The luteal phase: days 15 to 28
This phase is the period of corpus luteum activity, during which the uterus is prepared 'just in case' of pregnancy. After ovulation has occurred, the corpus luteum begins to secrete progesterone, as well as a small amount of oestrogen. Progesterone maintains the uterus in a state ready to receive and nourish an embryo. The lining of the uterus (the endometrium) becomes thicker, more richly nourished by blood vessels, and more receptive to the fertilised ovum. Progesterone also inhibits any further release of FSH or LH from the pituitary gland.
Thus, ovulation is quickly followed by a rise in the level of progesterone in the circulation, as the corpus luteum takes over the production of this hormone. As the progesterone level rises, it circulates around the body in the blood. When a high concentration of progesterone reaches the hypothalamus in the brain, the effect is to stop the hypothalamus from producing GnRH.
What will happen when the hypothalamus stops producing GnRH? (Look back at Figure 4.1.)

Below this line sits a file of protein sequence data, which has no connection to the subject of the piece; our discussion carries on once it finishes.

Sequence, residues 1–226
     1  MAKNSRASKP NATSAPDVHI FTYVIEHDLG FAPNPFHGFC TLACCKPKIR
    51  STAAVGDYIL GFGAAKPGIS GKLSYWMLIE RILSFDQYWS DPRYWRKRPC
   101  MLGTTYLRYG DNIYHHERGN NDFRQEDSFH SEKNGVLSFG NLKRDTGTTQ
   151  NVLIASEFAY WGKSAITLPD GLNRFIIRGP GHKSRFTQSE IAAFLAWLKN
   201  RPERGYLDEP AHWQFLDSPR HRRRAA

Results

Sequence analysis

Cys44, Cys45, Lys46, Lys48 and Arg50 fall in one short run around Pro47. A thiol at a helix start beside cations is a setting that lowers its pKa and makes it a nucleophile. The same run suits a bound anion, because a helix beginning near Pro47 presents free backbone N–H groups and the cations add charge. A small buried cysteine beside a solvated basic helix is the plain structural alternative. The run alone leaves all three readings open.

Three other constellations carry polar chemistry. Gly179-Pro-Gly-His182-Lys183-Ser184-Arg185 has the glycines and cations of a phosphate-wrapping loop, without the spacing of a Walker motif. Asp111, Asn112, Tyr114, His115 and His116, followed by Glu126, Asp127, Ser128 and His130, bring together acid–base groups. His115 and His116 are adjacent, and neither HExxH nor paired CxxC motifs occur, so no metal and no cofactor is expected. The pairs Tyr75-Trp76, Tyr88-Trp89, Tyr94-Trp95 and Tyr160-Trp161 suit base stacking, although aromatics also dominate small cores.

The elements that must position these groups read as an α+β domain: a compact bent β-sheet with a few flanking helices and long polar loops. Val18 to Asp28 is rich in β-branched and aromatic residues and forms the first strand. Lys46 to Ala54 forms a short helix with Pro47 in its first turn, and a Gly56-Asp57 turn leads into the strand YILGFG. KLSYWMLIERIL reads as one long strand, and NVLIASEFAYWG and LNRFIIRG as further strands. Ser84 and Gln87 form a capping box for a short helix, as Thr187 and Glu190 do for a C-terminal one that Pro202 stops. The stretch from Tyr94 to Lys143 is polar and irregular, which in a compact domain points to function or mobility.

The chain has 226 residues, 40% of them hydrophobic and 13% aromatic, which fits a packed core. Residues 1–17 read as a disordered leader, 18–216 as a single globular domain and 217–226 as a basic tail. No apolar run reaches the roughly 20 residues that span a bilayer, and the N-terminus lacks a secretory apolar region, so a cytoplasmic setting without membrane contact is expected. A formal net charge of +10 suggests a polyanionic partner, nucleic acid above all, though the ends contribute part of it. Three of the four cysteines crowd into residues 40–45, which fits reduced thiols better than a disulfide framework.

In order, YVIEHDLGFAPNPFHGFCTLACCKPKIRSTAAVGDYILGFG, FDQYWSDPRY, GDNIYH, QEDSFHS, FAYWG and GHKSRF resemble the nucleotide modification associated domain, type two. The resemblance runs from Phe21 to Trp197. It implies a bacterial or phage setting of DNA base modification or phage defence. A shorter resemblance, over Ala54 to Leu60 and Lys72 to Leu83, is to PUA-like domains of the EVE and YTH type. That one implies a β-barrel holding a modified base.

The pituitary gland will stop producing FSH and LH.
What effect will this have on the ovaries?
The maturation of more ova will stop at that point.
This type of control system, where the rise in one body chemical (in this case, progesterone) stops the production of another body chemical (in this case, GnRH), is called a negative feedback mechanism. But the corpus luteum has a limited lifespan, and after it stops producing progesterone, the negative feedback on the hypothalamus stops, and this allows it to begin producing GnRH again. So the ovarian cycle begins all over again.